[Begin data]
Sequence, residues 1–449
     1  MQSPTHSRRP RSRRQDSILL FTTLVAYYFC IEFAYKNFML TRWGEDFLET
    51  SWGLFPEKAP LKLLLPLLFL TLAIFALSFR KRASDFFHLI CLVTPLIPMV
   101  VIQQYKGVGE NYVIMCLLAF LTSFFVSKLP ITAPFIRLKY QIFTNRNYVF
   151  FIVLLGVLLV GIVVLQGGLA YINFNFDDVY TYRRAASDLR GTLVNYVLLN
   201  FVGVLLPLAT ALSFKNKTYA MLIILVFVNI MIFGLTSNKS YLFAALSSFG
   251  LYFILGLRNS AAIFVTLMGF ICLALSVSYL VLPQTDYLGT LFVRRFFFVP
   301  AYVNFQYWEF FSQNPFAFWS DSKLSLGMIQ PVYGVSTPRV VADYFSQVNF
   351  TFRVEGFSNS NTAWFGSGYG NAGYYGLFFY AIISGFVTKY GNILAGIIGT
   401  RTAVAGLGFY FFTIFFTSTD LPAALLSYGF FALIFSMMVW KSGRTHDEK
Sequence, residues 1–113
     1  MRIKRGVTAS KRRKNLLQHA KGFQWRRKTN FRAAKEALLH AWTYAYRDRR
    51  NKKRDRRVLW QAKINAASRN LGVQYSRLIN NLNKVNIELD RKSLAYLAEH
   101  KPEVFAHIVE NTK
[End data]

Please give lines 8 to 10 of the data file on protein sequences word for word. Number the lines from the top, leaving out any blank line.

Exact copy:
   301  AYVNFQYWEF FSQNPFAFWS DSKLSLGMIQ PVYGVSTPRV VADYFSQVNF
   351  TFRVEGFSNS NTAWFGSGYG NAGYYGLFFY AIISGFVTKY GNILAGIIGT
   401  RTAVAGLGFY FFTIFFTSTD LPAALLSYGF FALIFSMMVW KSGRTHDEK